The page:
The star’s moment should be triumphant. She’s brilliantly lit, her leg lifted in a graceful ballet pose, and she’s clearly the star of the show. But in the wings lurks a black-clad figure—a symbol for the sordid backstage reality of the ballerina.
It’s not clear who Edgar Degas used as the model for the 1879 painting, L’Etoile, that depicts that tense moment. But it’s likely that she was a prostitute. Sex work was part of ballerinas’ realities during the 19th century, an era in which money, power and prostitution mingled in the glamorous and not-so-glamorous backstage world of the Paris Opera.
The Paris Opera Ballet, founded in the 17th century, was the world’s first professional ballet company, and continues as one of the preeminent outfits today. Throughout the 19th century, it raised the bar for dance—but on the backs of many exploited young women.
Women entered the ballet as young children, training at the opera’s dance school until they could snag a coveted position in the corps de ballet. Girls who studied at the school became apprentices to the Opera; only after years of militaristic training and a series of brutal exams could they get guaranteed, long-term contracts.
In the meantime, they attended classes and auditioned for small, walk-on roles. Often malnourished and dressed in hand-me-downs, the “petits rats” of the ballet were vulnerable to social and sexual exploitation. And the wealthy male subscribers of the Paris Opera—nicknamed abbonés—were often on hand to exploit them.
“The ballet is…what the bar-room is to many a large hotel,”wrote Scribner’s Magazine in 1892, “the chief paying factor, the one from which the surplus profits come.” Men subscribed to the opera not for the music, but for the beautiful ballerinas who danced twice per show—and, behind the scenes, they bought sexual favors from the women they ogled on stage.
The abonnés were so powerful, they were part of the Opera’s very architecture: When Charles Garnier designed his iconic opera house in the 1860s, he included a special separate entrance for season ticket holders. The building also included a lavish room called the foyer de la danse. Located directly behind the stage, it was a place where ballet dancers could warm up and practice their moves before and during performances. But it was designed with male patrons, not dancers, in mind. The foyer was a place for them to socialize with—and proposition—ballet dancers.
At the time, women’s bodies were typically covered by lots of clothing. In contrast, ballet dancers wore skimpy and revealing outfits (though ballet costumes of the time, which included skirts, were much less form-fitting than today’s leotards and tights). Subscribers could, and did, go backstage to ogle women. Due to their social status, they were free to socialize with them, too.
“Epic scenes took place backstage,” wrote the Comte de Maugny, who described the foyer de la danse as a kind of meat market. For subscribers, backstage was a kind of men’s club where they could meet and greet other power brokers, make business deals and bask in a highly sexualized atmosphere.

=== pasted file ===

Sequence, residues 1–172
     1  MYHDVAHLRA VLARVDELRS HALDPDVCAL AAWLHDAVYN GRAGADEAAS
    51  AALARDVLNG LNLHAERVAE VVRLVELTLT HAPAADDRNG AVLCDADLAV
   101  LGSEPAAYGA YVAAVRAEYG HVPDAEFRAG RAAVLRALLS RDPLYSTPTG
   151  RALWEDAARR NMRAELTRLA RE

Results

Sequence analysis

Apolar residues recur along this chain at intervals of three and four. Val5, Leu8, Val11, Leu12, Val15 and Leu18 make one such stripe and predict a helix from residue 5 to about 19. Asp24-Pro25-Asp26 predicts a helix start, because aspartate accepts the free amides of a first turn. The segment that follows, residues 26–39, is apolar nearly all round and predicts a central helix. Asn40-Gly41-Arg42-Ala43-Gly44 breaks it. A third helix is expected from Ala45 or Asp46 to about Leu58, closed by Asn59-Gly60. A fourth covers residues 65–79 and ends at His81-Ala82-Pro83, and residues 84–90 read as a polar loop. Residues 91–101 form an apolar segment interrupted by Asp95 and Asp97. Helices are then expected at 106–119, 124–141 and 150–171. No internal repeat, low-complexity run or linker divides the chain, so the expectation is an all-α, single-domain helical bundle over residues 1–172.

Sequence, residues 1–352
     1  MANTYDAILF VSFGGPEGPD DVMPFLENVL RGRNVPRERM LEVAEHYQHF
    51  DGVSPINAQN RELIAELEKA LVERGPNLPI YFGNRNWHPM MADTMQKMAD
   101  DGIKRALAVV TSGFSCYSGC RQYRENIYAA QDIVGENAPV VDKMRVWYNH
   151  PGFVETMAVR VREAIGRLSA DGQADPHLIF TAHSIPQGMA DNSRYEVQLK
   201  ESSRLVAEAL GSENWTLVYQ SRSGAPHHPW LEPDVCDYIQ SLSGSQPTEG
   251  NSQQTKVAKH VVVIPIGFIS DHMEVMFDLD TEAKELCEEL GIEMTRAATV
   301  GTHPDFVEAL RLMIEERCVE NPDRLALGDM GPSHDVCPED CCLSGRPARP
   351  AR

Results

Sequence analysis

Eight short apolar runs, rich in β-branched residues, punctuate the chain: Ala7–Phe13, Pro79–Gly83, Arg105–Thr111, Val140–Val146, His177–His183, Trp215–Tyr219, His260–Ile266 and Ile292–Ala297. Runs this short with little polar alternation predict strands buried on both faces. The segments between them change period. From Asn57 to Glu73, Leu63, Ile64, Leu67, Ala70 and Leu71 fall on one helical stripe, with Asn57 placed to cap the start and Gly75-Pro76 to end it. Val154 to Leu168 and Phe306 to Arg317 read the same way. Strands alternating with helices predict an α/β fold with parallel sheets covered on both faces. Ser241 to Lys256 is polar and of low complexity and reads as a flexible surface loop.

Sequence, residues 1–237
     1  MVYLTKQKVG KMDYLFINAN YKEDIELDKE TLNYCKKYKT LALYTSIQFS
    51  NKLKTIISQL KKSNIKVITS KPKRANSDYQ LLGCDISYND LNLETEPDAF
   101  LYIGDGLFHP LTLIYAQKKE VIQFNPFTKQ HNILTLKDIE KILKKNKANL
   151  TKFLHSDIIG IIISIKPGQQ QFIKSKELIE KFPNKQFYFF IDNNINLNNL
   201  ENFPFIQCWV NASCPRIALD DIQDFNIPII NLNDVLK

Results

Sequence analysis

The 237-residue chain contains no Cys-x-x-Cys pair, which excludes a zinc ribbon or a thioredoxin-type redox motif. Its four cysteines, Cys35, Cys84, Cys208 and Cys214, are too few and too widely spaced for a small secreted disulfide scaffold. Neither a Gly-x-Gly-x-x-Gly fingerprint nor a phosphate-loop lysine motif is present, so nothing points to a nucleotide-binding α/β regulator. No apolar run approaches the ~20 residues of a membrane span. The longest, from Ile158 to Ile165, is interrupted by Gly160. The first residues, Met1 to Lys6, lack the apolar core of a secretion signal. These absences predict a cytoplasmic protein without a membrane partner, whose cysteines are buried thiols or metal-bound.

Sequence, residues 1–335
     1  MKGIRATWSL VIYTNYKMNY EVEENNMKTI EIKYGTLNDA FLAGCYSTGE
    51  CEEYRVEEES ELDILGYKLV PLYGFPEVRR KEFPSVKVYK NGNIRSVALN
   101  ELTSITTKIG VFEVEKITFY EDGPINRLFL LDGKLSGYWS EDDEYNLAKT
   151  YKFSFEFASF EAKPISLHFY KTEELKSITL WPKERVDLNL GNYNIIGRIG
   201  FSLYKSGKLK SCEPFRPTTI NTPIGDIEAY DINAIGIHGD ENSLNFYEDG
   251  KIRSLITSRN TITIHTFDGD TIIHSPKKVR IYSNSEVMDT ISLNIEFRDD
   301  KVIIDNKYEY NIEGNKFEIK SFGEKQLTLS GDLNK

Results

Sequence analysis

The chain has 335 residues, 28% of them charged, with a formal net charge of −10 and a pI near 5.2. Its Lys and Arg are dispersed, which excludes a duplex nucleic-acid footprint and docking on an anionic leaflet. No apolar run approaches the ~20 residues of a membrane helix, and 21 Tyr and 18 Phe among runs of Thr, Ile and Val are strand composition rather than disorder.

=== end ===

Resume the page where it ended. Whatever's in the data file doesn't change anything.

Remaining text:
For dancers, though, it was a place where they were subject to scrutiny and harassment. Dancers were expected to submit to the attentions and affections of subscribers,most of whom were nobleman and important financiers and whose money underwrote the majority of the opera’s operations.
Since subscribers were so powerful, they could influence who made it into coveted roles and who was fired from the ballet. They could lift a girl out of poverty by becoming her “patron,” or client, setting her up in comfortable quarters and paying for private lessons that could increase her cachet in the ballet. Often, girls’ own mothers—who acted not unlike entertainment agents today—helped set up and maintain these relationships. For many Paris Opera ballerinas from poor backgrounds, a relationship with a rich man was their only chance at stability.
Some dancers managed to advance without a rich patron, becoming celebrities on the merits of their own abilities, notes historian Lorraine Coons. But even those dancers who did succeed independently were looked down on as suspected prostitutes.
One influential Parisian couldn’t afford the expensive subscription that allowed special access to ballerinas: Impressionist painter Edgar Degas. During the 1870s and 1880s, he produced hundreds of drawings and paintings of Paris Opera dancers, relying on his friends tosecure backstage passes so he could sketch the dancers in their habitat. There, he recorded behind-the-scenes views of dancers practicing—and captured glimpses of the world of the lecherous male subscribers, too.
One of Degas’ best-known works is his Little Dancer of Fourteen Years, a life-sized statue of a teenage “petit rat,” or ballet dancer in training. To modern eyes, it’s the portrait of a child who eagerly awaits her next dance step. But when Degas exhibited it in 1881, it was panned by the critics, who called the dancer “frightfully ugly,” monkey-like, and “marked by the hateful promise of every vice.”
Degas’ subject may have been vulnerable, but for 19th-century observers, she was marked by the sordidness of the sexual harassment that was baked into ballet. Teenager Marie van Goethem, a Paris Opera petit rat who modeled for the sculpture, likely traded sex for money in order to survive—but even if she hadn’t, it’s almost certain Degas’ audience would have assumed she did.